Deep learning, a family of machine-learning methods based on artificial neural networks, has revolutionized applications such as image interpretation, natural language processing and autonomous driving. In a study published recently in Science Advances, UCI researchers describe how the technique can also be successfully used to observe gene regulation at the cellular level. Until now, that process had been limited to tissue-level analysis.
According to co-senior author Xiaohui Xie, UCI professor of computer science, the framework enables the study of transcription factor binding at the cellular level, which was previously impossible due to the intrinsic noise and sparsity of single-cell data. A transcription factor is a protein that controls the translation of genetic information from DNA to RNA; TFs regulate genes to ensure they’re expressed in proper sequence and at the right time in cells.
“The breakthrough was in realizing that we could leverage deep learning and massive datasets of tissue-level TF binding profiles to understand how TFs regulate target genes in individual cells through specific signals,” Xie said.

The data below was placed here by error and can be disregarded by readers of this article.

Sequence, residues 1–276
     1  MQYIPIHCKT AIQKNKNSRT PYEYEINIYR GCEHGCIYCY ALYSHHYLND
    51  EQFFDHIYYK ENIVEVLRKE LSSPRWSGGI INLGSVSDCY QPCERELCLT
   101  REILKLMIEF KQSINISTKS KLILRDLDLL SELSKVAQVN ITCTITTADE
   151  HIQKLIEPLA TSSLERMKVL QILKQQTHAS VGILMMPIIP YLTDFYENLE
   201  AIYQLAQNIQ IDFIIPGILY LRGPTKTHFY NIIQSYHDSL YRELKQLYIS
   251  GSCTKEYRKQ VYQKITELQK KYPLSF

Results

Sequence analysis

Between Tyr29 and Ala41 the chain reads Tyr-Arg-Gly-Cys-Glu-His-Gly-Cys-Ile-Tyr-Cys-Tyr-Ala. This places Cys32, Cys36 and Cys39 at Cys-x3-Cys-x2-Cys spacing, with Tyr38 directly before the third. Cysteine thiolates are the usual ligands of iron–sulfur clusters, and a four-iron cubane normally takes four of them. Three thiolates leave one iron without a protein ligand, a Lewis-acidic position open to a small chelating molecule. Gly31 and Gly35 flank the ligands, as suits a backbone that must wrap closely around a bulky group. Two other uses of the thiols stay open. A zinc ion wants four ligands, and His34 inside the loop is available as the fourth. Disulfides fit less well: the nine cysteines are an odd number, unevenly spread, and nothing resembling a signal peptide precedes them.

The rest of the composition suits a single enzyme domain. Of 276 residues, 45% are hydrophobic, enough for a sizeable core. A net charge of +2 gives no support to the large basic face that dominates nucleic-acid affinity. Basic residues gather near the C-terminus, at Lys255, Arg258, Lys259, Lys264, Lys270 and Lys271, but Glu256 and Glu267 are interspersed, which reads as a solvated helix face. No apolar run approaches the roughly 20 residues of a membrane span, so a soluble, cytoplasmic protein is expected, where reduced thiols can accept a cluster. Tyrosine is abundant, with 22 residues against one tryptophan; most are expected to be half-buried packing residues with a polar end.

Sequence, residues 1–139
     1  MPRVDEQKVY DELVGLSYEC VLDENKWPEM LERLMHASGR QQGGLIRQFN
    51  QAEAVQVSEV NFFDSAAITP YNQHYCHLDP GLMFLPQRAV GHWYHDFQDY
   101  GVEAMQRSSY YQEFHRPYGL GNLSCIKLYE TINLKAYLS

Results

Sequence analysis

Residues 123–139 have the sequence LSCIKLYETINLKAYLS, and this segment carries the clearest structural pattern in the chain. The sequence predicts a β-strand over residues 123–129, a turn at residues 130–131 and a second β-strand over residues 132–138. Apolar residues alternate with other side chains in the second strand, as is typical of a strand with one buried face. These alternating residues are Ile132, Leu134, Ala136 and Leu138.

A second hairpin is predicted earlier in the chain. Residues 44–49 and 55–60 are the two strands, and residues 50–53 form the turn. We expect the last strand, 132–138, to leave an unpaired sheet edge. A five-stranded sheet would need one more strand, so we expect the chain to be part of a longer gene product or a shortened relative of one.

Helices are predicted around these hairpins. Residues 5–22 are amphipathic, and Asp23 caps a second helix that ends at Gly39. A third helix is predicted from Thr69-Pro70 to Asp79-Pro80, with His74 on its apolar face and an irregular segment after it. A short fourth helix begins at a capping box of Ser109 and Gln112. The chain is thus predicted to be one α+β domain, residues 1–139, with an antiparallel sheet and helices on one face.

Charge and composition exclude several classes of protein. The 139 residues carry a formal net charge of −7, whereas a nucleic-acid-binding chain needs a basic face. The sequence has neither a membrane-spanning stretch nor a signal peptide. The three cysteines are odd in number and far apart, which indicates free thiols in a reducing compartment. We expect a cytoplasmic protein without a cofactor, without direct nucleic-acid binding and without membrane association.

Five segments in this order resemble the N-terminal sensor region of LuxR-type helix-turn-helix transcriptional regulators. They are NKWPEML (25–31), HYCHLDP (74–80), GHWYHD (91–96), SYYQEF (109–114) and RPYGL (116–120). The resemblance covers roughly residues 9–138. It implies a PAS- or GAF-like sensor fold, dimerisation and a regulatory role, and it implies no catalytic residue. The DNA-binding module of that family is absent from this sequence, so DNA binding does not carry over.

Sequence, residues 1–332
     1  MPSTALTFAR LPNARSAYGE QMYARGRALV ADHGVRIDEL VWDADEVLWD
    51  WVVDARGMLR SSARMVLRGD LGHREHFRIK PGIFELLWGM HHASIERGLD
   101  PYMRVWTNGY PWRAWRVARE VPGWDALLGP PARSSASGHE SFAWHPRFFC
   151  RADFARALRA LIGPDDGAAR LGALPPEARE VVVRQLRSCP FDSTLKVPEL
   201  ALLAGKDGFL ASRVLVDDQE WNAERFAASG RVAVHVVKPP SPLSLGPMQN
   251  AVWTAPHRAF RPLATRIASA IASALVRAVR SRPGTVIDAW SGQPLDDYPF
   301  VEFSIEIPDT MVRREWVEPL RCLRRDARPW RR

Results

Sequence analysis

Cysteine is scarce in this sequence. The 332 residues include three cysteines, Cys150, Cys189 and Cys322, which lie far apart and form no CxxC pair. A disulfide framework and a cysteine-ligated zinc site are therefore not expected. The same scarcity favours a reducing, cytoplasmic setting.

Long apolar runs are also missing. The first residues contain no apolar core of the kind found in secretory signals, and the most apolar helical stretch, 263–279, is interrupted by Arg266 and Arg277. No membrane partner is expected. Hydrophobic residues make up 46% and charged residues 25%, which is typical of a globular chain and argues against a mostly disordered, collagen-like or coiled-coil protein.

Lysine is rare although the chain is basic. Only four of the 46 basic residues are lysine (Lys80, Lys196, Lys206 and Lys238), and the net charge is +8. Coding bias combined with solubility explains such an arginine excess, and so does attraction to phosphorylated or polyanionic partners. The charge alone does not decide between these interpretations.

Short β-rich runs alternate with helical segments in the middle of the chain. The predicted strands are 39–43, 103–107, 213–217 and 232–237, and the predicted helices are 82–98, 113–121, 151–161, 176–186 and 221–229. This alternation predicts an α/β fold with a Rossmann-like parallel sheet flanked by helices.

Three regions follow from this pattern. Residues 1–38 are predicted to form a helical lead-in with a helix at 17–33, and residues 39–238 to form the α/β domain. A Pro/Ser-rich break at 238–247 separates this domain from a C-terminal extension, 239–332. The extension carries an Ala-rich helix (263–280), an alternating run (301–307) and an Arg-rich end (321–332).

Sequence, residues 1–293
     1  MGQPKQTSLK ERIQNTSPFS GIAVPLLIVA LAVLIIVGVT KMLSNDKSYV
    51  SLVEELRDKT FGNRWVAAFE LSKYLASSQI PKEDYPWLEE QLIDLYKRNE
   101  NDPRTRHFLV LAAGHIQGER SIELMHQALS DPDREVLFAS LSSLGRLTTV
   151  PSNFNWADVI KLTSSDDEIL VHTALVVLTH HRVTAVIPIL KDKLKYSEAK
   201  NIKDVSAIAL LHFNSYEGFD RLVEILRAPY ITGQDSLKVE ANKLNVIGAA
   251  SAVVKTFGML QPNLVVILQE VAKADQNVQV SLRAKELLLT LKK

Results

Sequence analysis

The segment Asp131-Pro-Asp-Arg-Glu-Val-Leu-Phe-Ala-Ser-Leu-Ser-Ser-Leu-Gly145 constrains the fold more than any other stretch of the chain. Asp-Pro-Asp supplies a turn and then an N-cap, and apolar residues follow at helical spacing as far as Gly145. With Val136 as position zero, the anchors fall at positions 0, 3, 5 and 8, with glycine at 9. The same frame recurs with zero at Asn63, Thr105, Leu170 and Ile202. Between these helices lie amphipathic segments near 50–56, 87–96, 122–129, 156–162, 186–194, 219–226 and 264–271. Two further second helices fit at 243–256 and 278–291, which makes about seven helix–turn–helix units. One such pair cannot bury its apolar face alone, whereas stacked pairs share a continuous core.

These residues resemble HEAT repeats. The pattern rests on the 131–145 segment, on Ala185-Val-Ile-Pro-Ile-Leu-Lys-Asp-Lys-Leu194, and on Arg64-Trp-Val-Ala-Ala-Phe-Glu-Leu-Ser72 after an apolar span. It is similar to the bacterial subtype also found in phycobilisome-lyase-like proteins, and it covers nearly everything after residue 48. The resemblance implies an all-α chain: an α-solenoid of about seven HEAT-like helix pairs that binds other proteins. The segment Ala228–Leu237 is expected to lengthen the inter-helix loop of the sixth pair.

By training a neural network on large-scale genomic and epigenetic datasets, and by drawing on the expertise of collaborators across three departments, the researchers were able to identify novel gene regulations for individual cells or cell types.
“Our capability of predicting whether certain transcriptional factors are binding to DNA in a specific cell or cell type at a particular time provides a new way to tease out small populations of cells that could be critical to understanding and treating diseases,” said co-senior author Qing Nie, UCI Chancellor’s Professor of mathematics and director of the campus’s National Science Foundation-Simons Center for Multiscale Cell Fate Research, which supported the project.
He said that scientists can use the deep-learning framework to identify key signals in cancer stem cells – a small cell population that is difficult to specifically target in treatment or even quantify.
“This interdisciplinary project is a prime example of how researchers with different areas of expertise can work together to solve complex biological questions through machine-learning techniques,” Nie added.
Collaborators were Laiyi Fu, a visiting scholar in UCI’s Department of Computer Science who is now a researcher in the School of Electronic and Information Engineering at China’s Xi’an Jiaotong University; Lihua Zhang, a postdoctoral scholar in mathematics; and Emmanuel Dollinger, a graduate student in mathematical, computational & systems biology.
Article originally appeared at UCI News.